“It’s still a work in progress,” Ilson said. “We know that Barrett’s esophagus is a neoplasm, it is clonal [and] it does acquire genetic mutations. Right now, there are no validated biomarkers. There have been some studies looking at potential biomarkers and gene polymorphisms, but nothing is ready for prime time and nothing has been validated in larger clinical studies.”
There is no known factor that will prevent esophageal adenocarcinoma. Surveillance may be able to catch the disease in its earliest stages. Although lifestyle risk factors can be controlled, there is no proven pharmacologic intervention that can be globally recommended, Ko said.
Some unproven factors may hold promise, however.
For example, researchers previously did not believe that proton pump inhibitors were effective against this type of cancer.
“Now it seems that if you have patients on proton pump inhibitors with Barrett’s esophagus, there is less of a transition to dysplasia and cancer,” Ilson said. “There may be some reduction in the risk of progression of Barrett’s to dysplasia with antacids. Patients with Barrett’s should be on antacid therapy.”
Aspirin — which has been shown to reduce risk for gastric adenocarcinoma — also may be a promising preventive agent in esophageal adenocarcinoma.
In the United Kingdom-based Aspirin Esomeprazole Chemoprevention Trial, researchers randomly assigned nearly 4,000 patients with Barrett’s esophagus to aspirin or placebo to assess whether aspirin will influence the disease’s natural history.
The findings could be significant.
“An aspirin a day is better than an apple,” Saab said. “An aspirin a day really keeps the doctor away — at least we think.” – by Colleen Owens
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NCI. SEER Stat Fact Sheets: Esophagus. Available at: seer.cancer.gov/statfacts/html/esoph.html#prevalence. Accessed Nov. 14, 2012.
NCI. National Cancer Institute Fact Sheet: Helicobacter pylori and Cancer. Available at: www.cancer.gov/cancertopics/factsheet/Risk/h-pylori-cancer. Accessed Nov. 14, 2012.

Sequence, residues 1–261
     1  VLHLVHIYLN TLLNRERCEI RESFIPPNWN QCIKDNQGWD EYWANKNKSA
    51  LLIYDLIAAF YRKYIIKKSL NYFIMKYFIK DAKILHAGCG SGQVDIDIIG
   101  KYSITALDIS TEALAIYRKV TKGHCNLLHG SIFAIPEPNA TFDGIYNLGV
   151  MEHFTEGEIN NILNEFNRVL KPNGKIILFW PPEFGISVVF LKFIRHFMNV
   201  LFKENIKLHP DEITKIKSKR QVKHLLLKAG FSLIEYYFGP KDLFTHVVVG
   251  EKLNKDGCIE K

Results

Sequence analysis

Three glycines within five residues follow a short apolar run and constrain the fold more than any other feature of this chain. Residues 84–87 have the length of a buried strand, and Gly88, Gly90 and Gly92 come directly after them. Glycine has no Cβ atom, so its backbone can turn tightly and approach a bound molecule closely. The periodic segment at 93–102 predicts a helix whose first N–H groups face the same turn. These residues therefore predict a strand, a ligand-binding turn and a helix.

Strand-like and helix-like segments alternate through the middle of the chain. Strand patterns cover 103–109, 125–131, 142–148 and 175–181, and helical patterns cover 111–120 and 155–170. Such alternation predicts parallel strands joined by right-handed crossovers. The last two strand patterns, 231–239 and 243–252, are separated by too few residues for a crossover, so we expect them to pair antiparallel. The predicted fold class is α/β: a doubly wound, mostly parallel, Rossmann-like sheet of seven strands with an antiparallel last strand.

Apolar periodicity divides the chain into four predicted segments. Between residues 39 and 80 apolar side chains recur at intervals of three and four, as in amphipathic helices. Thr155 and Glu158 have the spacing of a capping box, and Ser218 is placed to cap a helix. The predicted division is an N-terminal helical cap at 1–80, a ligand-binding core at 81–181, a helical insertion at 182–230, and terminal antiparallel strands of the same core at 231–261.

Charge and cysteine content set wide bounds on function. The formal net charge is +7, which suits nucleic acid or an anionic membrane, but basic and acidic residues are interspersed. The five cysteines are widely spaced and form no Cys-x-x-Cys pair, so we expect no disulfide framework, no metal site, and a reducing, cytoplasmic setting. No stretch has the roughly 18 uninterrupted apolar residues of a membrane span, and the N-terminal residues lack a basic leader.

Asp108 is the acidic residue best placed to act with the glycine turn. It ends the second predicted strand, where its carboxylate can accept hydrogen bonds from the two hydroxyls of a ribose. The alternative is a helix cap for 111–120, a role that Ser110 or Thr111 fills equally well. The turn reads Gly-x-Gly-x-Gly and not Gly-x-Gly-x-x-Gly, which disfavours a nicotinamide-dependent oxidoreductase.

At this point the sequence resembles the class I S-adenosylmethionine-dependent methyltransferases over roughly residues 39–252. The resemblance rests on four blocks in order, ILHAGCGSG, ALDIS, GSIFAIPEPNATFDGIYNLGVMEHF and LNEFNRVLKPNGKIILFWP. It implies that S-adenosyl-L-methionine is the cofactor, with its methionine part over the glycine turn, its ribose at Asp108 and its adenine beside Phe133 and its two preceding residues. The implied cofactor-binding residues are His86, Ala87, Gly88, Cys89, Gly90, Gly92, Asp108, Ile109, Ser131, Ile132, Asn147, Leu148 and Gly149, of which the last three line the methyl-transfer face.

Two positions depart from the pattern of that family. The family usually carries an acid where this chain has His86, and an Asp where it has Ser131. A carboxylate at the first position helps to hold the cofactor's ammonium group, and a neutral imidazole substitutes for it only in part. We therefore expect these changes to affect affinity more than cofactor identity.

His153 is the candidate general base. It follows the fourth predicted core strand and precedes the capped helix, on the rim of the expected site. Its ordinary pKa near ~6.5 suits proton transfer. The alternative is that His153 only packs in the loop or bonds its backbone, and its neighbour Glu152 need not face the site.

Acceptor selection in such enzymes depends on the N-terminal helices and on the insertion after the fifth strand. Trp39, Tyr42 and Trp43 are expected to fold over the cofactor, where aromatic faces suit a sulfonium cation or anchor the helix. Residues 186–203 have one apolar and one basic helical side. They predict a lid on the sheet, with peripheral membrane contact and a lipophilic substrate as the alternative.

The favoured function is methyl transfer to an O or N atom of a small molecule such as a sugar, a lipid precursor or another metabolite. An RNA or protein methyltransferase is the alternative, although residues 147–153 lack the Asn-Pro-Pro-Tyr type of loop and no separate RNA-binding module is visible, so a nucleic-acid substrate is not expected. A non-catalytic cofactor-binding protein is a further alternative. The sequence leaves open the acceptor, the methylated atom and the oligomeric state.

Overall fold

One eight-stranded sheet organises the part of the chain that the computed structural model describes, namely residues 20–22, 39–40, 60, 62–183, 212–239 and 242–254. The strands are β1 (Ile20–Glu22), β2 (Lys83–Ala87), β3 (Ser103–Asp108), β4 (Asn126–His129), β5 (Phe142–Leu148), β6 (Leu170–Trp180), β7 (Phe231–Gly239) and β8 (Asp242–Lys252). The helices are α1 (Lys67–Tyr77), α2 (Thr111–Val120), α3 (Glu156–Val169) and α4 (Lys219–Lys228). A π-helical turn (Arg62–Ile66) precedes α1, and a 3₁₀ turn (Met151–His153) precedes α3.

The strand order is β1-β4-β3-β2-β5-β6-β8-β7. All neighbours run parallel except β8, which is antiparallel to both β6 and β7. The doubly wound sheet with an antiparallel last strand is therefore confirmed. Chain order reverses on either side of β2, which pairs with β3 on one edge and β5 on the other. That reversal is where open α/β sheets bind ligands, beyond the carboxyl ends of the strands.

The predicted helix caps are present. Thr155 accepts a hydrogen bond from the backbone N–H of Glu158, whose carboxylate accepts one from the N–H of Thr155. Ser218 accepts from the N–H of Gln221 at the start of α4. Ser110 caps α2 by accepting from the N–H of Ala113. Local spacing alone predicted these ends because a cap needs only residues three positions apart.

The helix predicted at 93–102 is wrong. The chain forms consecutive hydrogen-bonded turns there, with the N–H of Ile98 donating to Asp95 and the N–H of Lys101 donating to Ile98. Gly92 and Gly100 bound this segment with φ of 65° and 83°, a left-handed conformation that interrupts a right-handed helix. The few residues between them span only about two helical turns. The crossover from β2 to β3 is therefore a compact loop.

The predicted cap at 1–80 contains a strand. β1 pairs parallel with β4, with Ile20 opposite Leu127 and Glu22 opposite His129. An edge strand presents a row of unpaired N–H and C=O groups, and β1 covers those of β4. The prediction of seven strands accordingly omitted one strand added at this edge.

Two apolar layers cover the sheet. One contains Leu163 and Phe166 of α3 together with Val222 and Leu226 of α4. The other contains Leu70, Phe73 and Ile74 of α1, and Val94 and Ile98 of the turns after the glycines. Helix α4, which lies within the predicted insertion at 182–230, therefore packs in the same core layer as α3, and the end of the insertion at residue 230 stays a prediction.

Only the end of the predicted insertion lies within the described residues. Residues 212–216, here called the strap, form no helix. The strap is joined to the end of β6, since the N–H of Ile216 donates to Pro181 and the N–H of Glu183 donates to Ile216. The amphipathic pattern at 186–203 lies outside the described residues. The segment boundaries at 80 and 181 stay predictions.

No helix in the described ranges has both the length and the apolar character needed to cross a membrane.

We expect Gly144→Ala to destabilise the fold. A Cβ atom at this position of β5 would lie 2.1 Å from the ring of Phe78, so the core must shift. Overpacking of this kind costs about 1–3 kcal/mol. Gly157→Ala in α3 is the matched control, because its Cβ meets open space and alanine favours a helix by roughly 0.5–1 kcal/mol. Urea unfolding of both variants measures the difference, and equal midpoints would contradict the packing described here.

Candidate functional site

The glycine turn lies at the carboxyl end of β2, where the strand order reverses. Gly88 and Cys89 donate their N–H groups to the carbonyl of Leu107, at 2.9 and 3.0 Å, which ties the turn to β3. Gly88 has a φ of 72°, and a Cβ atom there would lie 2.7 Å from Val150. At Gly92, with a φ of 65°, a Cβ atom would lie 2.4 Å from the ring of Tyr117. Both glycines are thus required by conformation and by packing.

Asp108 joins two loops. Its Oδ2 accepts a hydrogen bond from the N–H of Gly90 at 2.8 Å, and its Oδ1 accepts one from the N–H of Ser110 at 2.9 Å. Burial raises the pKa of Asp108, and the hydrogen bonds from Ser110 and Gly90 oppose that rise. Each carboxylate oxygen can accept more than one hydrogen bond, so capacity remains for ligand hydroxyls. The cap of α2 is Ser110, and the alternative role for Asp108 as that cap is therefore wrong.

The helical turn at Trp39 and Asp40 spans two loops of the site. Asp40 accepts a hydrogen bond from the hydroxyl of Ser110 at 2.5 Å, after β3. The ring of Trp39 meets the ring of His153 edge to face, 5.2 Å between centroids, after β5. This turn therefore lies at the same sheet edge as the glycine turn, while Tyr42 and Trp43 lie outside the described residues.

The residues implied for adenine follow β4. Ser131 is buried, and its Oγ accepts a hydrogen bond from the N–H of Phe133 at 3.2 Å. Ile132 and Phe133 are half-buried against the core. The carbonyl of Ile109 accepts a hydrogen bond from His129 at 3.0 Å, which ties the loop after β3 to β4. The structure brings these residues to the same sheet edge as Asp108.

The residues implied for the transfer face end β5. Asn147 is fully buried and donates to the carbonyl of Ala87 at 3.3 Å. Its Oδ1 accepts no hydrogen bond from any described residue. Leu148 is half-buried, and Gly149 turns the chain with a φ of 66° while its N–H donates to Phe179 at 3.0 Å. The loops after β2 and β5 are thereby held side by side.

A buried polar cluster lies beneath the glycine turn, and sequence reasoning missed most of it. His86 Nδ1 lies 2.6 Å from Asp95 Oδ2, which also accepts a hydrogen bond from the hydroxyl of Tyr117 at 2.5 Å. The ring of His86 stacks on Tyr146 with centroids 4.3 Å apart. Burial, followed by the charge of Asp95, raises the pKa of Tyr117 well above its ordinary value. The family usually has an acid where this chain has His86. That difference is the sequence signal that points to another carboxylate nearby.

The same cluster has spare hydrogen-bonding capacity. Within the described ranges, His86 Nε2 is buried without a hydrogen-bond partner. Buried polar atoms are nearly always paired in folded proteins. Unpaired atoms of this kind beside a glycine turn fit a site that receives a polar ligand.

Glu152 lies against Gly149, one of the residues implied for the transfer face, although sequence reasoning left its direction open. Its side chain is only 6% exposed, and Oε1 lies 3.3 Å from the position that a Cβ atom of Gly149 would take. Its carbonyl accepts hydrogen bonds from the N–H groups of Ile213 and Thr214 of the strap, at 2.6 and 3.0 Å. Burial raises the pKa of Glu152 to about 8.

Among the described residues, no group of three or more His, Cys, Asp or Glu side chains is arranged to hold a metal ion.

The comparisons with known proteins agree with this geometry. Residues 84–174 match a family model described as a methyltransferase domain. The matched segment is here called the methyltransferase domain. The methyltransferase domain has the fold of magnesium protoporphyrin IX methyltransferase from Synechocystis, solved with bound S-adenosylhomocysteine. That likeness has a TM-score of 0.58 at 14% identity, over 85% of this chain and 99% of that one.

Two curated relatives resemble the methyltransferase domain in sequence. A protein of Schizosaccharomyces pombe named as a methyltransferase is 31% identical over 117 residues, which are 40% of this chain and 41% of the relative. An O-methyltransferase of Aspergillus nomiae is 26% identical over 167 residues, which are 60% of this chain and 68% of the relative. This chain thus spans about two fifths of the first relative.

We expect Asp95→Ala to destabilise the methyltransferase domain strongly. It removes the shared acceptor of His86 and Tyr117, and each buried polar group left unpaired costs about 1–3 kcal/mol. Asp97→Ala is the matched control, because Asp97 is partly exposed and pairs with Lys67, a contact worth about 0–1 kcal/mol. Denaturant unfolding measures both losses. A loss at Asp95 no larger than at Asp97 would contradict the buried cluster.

O’Doherty MG. Gut. 2012;61:1261-1268.
Thrift AP. Ann Oncol. 2012;doi:10.1093/annonc/mds181.
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For more information:
Tanios S. Bekaii-Saab, MD, may be reached at 320 W. 10th Ave., Columbus, OH 43210; email: firstname.lastname@example.org.
Gustaf Edgren, MD, PhD, may be reached at Department of Medical Epidemiology and Biostatistics, Karolinska Institutet, Stockholm SE-171 77, Sweden; email: email@example.com.
David H. Ilson, MD, PhD, can be reached at Memorial Sloan-Kettering Cancer Center, 1275 York Ave., New York, NY 10065; email: firstname.lastname@example.org.
Anthony Infantolino, MD, AGAF, FACG, FACP, may be reached at Jefferson University Hospitals, 132 S. 10th St., 480 Main Building, Philadelphia, PA 19107.
Andrew H. Ko, MD, may be reached at UCSF Comprehensive Cancer Center, 1600 Divisadero St., 4th floor, Box 1705, San Francisco, CA 94115; email: email@example.com.
Neoadjuvant chemotherapy increases survival.
It is widely accepted that the management of high-risk patients with esophageal carcinoma (T3, node positive) requires a multimodality approach in the neoadjuvant setting. Although surgery is the primary curative modality for gastroesophageal junction cancers, long-term outcomes are not satisfactory with resection alone, even if microscopically complete (R0). This poor long-term outcome has prompted an evaluation of both neoadjuvant and adjuvant combined modality therapy.
The benefit of preoperative therapy is that it allows for response assessment with the primary tumor in place, has the potential for down-staging and enhancing R0 resections, enhances therapy tolerance and increases the chance for pathologic complete response. The two modalities used preoperatively are chemotherapy or chemoradiation. It is still up for debate which therapeutic sequence is best and which modality is superior.
When discussing neoadjuvant therapies for high-risk esophageal cancer, it is important to distinguish between to two common histologies: squamous and adenocarcinoma. Chemoradiation alone can be curative for the squamous esophageal cancer; therefore, there is no debate for the role of chemotherapy in the preoperative setting for this histological subtype.
The debate remains for esophageal adenocarcinoma. A number of trials inform us about the benefit of preoperative chemotherapy, but none are definitive. The American data are negative while the European trials are positive, demonstrating a survival benefit from 6% to 14%. A meta-analysis looked at the updated survival data of approximately 2,100 patients treated with neoadjuvant chemotherapy and demonstrated a survival benefit of 4% for squamous and 7% for adenocarcinoma (Thirion PG. Abstract #4512. Presented at: 2007 ASCO Annual Meeting; June 1-5, 2007; Chicago). Although this is not definitive, it demonstrates that neoadjuvant chemotherapy is feasible and increases survival, especially for adenocarcinoma.
The only trial that compared head-to-head neoadjuvant chemotherapy alone vs. chemoradiation failed to accrue and answer this important question. With the limited number of patients, the POET trial showed a better pathologic complete response with chemoradiation and suggested a trend toward increase survival (Stahl M. J Clin Oncol. 2009;27:851-856). Unfortunately, this is not definitive data and does not exclude neoadjuvant chemotherapy for cytoreduction, local control and distant control in the neoadjuvant setting.